The Real Magic of Food
By Kirsten Eamon-Shine, Peace Learning Center & Middle West Meals
Movies regularly depict food as a magical transformation agent. In Like Water for Chocolate, Babette’s Feast, and Chocolat, characters magically infuse edibles with emotions, allowing people to understand one another or whole villages to become freer. This infusion is a lovely idea; each movie has its charm. But for me, food’s transformative power has little to do with magic and much to do with community.
Both of my parents grew up in a small mining town of Butte, Montana. Butte’s various mining operations pulled silver, gold, and copper from the earth and attracted immigrants from an impressive number of countries – Ireland, Wales, Finland, Serbia, Italy, China, Syria, and Mexico among others.
While my parents moved from Butte to Helena, where I was born, and eventually to Indianapolis, Butte and its diverse citizenry have been a presence in our family kitchen throughout my life. I’d spend hours as a child perusing the Butte Heritage Cookbook and the many culinary cultures within it. But the best part of Butte’s legacy comes from the kitchen.
For my mom’s MBA graduation, my sister and I made loads of pasties (pronounced past–eees), a Cornish turnover popular in Butte, to reference her first graduation in 8th grade. Each Christmas, my mom, sister and I make a ton of sweets, but the most important dish is Povitica. We roll the delicate yeasted dough until it reaches to all corners of a table, spread a rich walnut paste over the paper-thin dough, and finally roll the whole thing up. Our recipe doesn’t come from my German-Irish family; Mrs. Lavich, a Yugoslavian family friend, gave it to my grandmother after many, many years of asking. And both of my parents told me about the glories of the pork chop sandwiches in Butte – a different, but no less delightful version when compared to our Indiana pork chops.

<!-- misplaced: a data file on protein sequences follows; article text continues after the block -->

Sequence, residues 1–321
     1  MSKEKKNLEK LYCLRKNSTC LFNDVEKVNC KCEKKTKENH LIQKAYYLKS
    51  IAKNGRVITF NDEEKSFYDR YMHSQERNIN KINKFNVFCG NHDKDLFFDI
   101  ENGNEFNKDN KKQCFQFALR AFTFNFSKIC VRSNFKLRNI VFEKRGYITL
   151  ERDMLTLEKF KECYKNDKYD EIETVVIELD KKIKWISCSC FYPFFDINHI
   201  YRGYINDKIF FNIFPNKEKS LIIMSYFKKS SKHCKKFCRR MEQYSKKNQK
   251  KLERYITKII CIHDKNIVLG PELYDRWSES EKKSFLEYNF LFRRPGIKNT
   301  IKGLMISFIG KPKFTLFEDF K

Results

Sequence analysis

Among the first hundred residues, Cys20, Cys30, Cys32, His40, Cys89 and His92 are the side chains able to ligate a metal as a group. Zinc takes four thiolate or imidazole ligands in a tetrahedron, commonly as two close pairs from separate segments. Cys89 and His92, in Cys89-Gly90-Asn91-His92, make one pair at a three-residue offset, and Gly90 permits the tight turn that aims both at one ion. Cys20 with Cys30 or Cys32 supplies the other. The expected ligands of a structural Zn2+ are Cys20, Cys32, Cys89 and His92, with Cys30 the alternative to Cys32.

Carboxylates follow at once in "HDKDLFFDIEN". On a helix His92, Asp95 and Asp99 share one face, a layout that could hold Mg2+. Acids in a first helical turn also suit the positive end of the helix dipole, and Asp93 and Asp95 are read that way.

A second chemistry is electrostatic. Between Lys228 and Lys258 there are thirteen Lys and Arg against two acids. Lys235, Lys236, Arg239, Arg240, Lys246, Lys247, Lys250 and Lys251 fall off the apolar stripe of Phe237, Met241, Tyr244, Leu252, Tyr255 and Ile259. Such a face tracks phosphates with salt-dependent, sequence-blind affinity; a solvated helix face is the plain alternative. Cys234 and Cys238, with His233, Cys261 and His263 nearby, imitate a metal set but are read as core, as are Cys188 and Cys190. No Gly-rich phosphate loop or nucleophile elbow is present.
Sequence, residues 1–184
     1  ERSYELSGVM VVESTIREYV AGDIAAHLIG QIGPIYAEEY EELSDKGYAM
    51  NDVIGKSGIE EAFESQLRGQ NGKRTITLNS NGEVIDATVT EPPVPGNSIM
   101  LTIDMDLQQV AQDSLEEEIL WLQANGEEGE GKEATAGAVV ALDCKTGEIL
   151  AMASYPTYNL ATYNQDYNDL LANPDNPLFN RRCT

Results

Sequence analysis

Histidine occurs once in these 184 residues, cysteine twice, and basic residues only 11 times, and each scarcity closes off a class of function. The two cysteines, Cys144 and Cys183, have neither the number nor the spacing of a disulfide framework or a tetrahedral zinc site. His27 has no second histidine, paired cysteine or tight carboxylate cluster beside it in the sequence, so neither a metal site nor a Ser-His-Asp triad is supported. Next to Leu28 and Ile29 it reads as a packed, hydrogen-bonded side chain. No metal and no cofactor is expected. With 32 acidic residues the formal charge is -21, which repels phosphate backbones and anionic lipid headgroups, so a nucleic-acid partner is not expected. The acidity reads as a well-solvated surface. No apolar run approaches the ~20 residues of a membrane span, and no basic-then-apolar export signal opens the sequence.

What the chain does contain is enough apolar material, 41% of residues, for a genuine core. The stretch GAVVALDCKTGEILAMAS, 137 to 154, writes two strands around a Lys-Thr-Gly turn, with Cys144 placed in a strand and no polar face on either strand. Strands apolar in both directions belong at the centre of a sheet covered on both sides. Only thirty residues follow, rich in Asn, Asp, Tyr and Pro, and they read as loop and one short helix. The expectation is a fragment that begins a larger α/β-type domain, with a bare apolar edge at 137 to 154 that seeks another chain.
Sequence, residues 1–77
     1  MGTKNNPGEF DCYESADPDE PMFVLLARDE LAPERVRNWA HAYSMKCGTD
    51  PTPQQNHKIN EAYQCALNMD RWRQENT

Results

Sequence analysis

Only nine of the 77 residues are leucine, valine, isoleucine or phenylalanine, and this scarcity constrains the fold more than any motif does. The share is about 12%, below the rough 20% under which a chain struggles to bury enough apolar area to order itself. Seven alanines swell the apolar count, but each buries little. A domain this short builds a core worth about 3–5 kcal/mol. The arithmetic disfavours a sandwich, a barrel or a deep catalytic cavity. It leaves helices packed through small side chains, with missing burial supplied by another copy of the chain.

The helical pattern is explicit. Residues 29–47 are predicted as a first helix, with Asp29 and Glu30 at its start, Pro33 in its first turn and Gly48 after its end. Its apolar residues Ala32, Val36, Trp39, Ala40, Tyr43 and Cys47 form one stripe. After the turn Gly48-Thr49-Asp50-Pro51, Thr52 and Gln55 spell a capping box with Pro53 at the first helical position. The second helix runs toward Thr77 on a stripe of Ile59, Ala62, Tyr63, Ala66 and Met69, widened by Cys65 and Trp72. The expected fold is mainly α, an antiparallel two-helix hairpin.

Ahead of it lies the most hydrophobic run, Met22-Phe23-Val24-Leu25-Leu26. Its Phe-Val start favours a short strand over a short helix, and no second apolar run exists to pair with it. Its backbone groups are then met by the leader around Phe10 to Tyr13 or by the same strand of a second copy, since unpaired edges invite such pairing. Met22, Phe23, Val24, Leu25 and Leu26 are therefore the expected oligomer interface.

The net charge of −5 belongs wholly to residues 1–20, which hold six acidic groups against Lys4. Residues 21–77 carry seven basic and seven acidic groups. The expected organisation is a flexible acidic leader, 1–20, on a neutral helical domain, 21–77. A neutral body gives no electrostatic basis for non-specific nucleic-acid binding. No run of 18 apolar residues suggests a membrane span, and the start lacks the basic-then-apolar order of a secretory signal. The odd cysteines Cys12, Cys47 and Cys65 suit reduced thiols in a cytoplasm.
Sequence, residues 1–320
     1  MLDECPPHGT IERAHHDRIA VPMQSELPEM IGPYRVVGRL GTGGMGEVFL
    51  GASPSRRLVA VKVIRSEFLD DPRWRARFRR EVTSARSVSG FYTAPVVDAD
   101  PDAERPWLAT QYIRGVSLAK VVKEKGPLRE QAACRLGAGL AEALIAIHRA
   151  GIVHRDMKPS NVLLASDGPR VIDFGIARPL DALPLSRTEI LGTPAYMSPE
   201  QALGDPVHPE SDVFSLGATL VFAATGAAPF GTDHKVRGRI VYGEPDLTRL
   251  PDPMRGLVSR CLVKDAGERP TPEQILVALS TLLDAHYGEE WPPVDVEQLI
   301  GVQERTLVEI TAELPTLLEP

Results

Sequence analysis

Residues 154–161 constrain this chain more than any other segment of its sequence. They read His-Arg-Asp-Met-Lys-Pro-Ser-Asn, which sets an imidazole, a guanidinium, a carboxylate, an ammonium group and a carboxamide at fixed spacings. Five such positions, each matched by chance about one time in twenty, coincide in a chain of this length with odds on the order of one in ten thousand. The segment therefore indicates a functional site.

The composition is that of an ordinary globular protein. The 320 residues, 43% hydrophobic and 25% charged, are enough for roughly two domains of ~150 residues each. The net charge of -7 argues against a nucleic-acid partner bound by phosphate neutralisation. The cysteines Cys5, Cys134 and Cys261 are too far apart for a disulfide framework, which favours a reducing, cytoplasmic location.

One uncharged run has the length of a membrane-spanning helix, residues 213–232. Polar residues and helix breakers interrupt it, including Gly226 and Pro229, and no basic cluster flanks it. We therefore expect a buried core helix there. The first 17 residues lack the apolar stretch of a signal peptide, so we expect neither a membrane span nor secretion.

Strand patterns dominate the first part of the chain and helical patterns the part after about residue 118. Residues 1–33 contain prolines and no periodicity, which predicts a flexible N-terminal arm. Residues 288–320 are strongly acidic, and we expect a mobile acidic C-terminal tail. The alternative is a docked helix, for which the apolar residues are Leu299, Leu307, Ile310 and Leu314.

These family traditions are the result of many people building community by breaking bread, sharing traditions, and welcoming one another into family kitchens. In Indianapolis, I see the same things happening in little restaurants and through our bevy of cultural festivals. For me, that’s the most magical thing about food — that we can connect to one another, learning, sharing, and feasting as a community. I’m lucky to feel that sense of connection with many local restaurant owners, whether they are recent immigrants or longtime residents, and I’m thrilled to get to build a little bit of it at my own table from time to time.